Bram Stoker – “Cold Reading” (Sunn Creative)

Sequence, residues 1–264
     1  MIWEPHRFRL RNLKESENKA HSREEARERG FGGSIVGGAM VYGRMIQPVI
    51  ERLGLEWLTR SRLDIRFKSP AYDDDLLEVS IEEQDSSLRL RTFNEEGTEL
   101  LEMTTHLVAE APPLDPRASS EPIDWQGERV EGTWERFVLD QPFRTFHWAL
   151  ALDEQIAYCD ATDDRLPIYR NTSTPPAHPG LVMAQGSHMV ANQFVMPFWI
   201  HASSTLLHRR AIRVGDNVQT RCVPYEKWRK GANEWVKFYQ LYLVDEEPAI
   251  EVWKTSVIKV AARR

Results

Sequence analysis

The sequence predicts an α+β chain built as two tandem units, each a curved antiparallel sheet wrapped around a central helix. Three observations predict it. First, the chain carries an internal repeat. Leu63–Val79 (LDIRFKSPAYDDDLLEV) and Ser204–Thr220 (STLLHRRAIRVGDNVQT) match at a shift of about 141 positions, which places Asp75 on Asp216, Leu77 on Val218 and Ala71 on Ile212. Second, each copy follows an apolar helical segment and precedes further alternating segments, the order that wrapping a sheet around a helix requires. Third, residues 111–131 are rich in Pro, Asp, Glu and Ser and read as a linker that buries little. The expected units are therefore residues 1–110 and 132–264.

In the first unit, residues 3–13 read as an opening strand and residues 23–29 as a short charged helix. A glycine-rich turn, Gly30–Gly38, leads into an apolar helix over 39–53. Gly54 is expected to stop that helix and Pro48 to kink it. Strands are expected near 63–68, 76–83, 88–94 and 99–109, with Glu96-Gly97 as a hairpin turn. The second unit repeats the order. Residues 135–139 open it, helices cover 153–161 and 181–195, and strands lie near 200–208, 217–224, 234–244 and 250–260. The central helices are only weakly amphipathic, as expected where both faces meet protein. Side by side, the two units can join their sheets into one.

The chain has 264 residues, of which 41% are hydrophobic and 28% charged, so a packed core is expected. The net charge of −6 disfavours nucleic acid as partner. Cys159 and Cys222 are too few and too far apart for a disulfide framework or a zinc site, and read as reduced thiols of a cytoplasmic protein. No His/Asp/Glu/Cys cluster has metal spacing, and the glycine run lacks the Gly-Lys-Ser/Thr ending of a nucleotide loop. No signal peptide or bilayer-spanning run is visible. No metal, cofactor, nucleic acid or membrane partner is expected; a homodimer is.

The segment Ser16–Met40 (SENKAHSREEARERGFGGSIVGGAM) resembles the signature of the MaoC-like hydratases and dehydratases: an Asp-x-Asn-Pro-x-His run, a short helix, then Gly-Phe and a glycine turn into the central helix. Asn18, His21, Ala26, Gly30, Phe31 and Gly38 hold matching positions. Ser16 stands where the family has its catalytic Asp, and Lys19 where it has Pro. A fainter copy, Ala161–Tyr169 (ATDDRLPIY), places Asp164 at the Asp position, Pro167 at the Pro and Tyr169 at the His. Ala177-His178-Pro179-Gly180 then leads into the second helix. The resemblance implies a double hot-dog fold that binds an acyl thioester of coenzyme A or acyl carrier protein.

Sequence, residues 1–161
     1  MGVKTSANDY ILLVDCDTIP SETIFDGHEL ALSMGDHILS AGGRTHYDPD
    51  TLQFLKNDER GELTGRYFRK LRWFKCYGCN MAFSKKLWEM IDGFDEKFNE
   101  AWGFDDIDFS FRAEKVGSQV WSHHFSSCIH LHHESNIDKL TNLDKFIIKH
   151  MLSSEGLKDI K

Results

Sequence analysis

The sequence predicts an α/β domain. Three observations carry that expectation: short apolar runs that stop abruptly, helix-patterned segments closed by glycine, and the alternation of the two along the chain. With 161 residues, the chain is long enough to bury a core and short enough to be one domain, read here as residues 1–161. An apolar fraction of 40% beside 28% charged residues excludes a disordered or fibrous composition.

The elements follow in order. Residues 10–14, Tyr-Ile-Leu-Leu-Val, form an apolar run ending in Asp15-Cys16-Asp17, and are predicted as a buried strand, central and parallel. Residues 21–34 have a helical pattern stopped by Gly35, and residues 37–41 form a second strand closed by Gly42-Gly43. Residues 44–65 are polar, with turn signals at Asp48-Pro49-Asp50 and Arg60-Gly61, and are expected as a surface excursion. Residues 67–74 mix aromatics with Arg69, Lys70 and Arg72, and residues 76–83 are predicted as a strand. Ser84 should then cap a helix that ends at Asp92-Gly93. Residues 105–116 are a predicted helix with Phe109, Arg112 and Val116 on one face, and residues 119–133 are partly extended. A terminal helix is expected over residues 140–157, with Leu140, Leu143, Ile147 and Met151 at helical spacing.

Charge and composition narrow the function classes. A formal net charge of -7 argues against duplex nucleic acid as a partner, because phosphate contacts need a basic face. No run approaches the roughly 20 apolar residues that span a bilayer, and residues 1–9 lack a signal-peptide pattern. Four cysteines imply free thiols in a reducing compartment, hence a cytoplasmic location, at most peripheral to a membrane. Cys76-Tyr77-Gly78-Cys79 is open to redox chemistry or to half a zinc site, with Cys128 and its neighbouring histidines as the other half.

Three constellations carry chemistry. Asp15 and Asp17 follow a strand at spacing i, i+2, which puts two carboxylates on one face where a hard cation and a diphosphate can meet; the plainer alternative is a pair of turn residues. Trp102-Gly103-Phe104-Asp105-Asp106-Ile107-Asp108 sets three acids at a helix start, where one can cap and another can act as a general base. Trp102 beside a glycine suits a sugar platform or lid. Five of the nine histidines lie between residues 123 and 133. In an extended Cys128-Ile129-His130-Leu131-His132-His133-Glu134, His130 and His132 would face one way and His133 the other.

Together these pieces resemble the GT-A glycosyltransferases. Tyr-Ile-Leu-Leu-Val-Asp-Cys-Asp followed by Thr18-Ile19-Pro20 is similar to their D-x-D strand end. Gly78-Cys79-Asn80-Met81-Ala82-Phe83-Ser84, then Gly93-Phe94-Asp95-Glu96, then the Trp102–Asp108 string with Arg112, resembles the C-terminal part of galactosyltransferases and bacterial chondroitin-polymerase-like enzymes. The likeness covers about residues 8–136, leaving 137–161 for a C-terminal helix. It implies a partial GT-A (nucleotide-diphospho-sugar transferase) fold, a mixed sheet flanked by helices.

Talk about dinosaur rock – well, Bram Stoker came and went by 1972 – and now as if by miracle they’re back! Formed in 1969, they were in midst of London’s emerging prog scene – graced by the likes of Genesis and Yes with even Queen opening for them – regularly playing famous venues like the Roundhouse, The Marquee and The Greyhound before releasing their “Heavy Rock Spectacular” debut. Amazingly, they then split and were virtually forgotten except by the most ardent of progsters and of course, the band themselves. Centred around Tony Bronsdon’s classically influenced Hammond organ and guitarist / bassist Tony Lowe, Bram Stoker’s trademark sound was forged based on ethereal keyboard harmonies and melodies, much of which had a classical basis taking inspiration from the likes of Mendelssohn, Beethoven, of course Mozart. It was a style that Keith Emerson was also trying in parallel at the time so again, there are comparisons to ELP’s sound. With all this happening talent it beggars belief how they threw the towel in – but no matter, it’s all water under the bridge but more importantly, what is this new album – after 43 years – all about?! Well, the two Tony’s are back along with a new drummer in Will Hack, as well as being in touch with original bassist John Bavin, who now resides in Australia, but managed to lend a hand in the song writing. I guess the million dollar question must be: do they still have that authentic sound? Well, it seems that even the band pondered on this and so to get them back in the mould they’ve re-recorded ‘Fast Decay’ and ‘Fingal’s Cave’ along with new compositions like ‘Climbing The Gyroscope’. I personally couldn’t tell the older material apart from the newer stuff which I guess means it works! Furthermore, the sound immediately had me thinking of early 70s prog with it’s distinct church organ keyboards once again anchoring the sound while Lowe’s guitar work danced around it in fine form. “Cold Reading” is an amazing achievement – right down to its psychedelic occult Crowley-esque album cover – given I can’t think of any authentic band from that era who are still playing true to that early style four decades on! Bram Stoker have unfinished business and this time the prog world should be rocked to its foundations by the resurrection of these gods – this is hardcore prog by the original purveyors of it!